December 17, 2013  |  An Auteurist History of Film
Carl Theodor Dreyer’s Gertrud
Nina Pens Rode in Gertrude. 1964. Denmark. Directed by Carl Theodor Dreyer

Nina Pens Rode in Gertrude. 1964. Denmark. Directed by Carl Theodor Dreyer

These notes accompany screenings of Carl Theodor Dreyer’s </em>Gertrud</a> on December 18, 19, and 20 in Theater 3.</p>

Carl Theodor Dreyer (1889–1968), like Orson Welles, is generally considered one of the greatest of filmmakers in spite of a relatively small output spread over half a century. Gertrud, his final and perhaps most personal film, is unlike most of his earlier work.

Much of the director’s career was devoted to films on religious and supernatural subjects. His silent career culminated in La Passion de Jeanne d’Arc (The Passion of Joan of Arc) (1928), arguably the greatest film by anybody before the advent of sound. As in many of Dreyer’s best works, the main protagonist is a woman. For the next quarter-century, Dreyer’s films were intermittent explorations of what most people would not consider standard fare: vampirism, witchcraft, coming back from the dead. Although directors like James Whale and Tod Browning sometimes dealt with similar material, the former tended to be whimsical and the latter was mostly seeking to be entertaining. Dreyer confronted these subjects head-on and betrayed little humor. He only made five talking features (one of which he disowned) and a number of short documentaries, and it took him a whole decade to get support to make Gertrud, at the age of 75. (The great dream project of his career, a film about Jesus, was never realized.) Gertrud, like so many of his films, did not achieve a popular following. In fact it was hooted at when shown at the Cannes Film Festival.

One of things that make Gertrud somewhat different from his other films is the emphasis on personal emotions unrelated to questions of faith and God. Gertrud is essentially unapologetic for the course of her life, even when she has caused disappointment to others. As Edith Piaf sings, “No Regrets.” Dreyer himself led a life of some struggle. He was “illegitimate” and spent his first years in an orphanage. Although he was finally adopted, it appears that it was by an especially unloving, remote couple. This portended a life of struggle. I don’t know much about his married life, but it had become increasingly difficult for him to raise the necessary funds to make his films, and he supported himself and his wife by managing a movie theater in Copenhagen. One suspects that, although Gertrud is based on a play, the lead character expresses most of the director’s own frustrations and satisfactions.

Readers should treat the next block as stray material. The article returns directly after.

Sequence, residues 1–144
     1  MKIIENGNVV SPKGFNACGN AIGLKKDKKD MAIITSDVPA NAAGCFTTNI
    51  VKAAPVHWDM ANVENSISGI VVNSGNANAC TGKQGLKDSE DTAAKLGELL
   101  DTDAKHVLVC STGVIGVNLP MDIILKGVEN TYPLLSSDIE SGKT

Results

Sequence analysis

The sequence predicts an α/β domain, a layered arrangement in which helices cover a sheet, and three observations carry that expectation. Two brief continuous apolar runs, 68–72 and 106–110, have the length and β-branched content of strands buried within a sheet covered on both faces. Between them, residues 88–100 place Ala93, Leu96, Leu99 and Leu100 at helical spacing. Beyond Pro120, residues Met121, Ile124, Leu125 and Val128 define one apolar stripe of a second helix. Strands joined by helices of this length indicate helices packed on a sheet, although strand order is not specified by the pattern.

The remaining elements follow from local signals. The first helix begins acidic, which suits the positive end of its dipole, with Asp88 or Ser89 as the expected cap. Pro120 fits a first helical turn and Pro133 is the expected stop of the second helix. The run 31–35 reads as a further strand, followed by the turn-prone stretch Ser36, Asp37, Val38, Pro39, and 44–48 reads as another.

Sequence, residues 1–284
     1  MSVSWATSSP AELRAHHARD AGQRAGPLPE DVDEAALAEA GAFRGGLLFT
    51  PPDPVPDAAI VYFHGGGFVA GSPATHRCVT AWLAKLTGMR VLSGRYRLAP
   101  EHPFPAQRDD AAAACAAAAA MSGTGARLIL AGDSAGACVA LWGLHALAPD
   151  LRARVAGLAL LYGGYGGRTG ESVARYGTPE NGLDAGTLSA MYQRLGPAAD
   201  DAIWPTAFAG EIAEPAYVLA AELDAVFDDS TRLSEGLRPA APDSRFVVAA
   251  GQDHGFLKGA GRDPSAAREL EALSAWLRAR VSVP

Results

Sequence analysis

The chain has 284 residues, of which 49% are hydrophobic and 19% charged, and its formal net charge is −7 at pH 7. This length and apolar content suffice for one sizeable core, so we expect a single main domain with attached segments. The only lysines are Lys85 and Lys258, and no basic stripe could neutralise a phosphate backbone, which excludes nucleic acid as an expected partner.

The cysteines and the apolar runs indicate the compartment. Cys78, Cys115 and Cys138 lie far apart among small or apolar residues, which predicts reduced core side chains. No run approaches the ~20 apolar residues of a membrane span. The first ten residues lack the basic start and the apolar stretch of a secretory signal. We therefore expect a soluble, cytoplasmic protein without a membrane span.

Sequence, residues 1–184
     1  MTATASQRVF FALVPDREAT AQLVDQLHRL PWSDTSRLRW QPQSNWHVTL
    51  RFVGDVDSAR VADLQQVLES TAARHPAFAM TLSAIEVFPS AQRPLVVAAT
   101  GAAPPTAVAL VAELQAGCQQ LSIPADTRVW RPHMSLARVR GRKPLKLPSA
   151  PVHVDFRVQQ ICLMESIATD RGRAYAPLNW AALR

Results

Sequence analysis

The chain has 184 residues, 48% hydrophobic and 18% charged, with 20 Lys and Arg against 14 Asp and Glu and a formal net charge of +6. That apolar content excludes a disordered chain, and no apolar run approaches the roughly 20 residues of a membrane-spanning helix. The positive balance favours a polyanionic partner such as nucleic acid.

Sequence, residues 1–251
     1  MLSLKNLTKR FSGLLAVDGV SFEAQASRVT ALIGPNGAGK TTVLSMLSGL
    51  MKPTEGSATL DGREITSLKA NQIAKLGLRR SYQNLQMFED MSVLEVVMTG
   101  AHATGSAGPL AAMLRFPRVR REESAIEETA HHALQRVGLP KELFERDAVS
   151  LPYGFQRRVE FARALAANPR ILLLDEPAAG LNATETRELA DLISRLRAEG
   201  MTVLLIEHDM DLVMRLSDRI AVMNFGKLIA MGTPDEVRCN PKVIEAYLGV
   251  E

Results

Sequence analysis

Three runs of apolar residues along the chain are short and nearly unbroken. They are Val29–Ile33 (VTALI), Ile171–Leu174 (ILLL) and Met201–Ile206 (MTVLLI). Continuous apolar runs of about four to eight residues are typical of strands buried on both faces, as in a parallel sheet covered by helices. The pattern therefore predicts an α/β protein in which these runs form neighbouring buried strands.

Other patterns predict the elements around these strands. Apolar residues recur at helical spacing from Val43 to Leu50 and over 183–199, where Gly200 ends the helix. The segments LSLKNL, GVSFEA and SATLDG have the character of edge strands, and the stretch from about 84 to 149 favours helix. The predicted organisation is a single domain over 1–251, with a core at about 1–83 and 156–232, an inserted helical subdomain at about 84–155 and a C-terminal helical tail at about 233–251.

Nina Pens Rode in Gertrude. 1964. Denmark. Directed by Carl Theodor Dreyer

Nina Pens Rode in Gertrude. 1964. Denmark. Directed by Carl Theodor Dreyer

My colleague Jytte Jensen wrote, “She is concerned only with arranging to live out her life according to her strict adherence to her unique—and in Dreyer’s world feminine—ideal. Love is all. The supremacy of emotions over power and fame finds its ultimate personification in Gertrud….” In his erudite and professorial monograph on the film, James Schamus argues that it is “a kind of remake of The Passion of Joan of Arc,” Dreyer’s other great depiction of an uncompromising woman resigned to her fate.

Stylistically, Gertrud is appropriately austere, containing only 89 shots and few close-ups, although as the great Danish scholar Ib Monty and others point out, the old director seems perfectly in synch with other (younger) major filmmakers of the 1960s. In fact, one could argue that Gertrud is experimental (taking a leaf from Alfred Hitchcock’s book). Filmmaking had historically been a contest between, on the one hand, montage directors like Sergei Eisenstein and the other Soviets reigning in the 1920s, and long-take/moving-camera directors, led by F. W. Murnau. Like the pioneer of pioneers, D. W. Griffith, Dreyer partook of both approaches. Joan of Arc is famous for its spectacular close-ups of Renée Jeanne Falconetti. In Gertrud, however, the frame is more inclusive, and the camera lingers, seemingly to capture the emotional resonance of what has just transpired.

It is certainly not a film for all tastes, but it is hard to forgive the hostile disrespect shown to one of the cinema’s greatest artists. I once saw the film at the old “Secret Cinema,” which had three-sided and roofed enclosures for each spectator. The only other person present was an older film scholar of considerable reputation. I was very disturbed that he spent the whole screening snickering. Clearly, Gertrud’s conception of reality was not his, but as Dreyer said, “Gertrud is a film that I made with my heart.”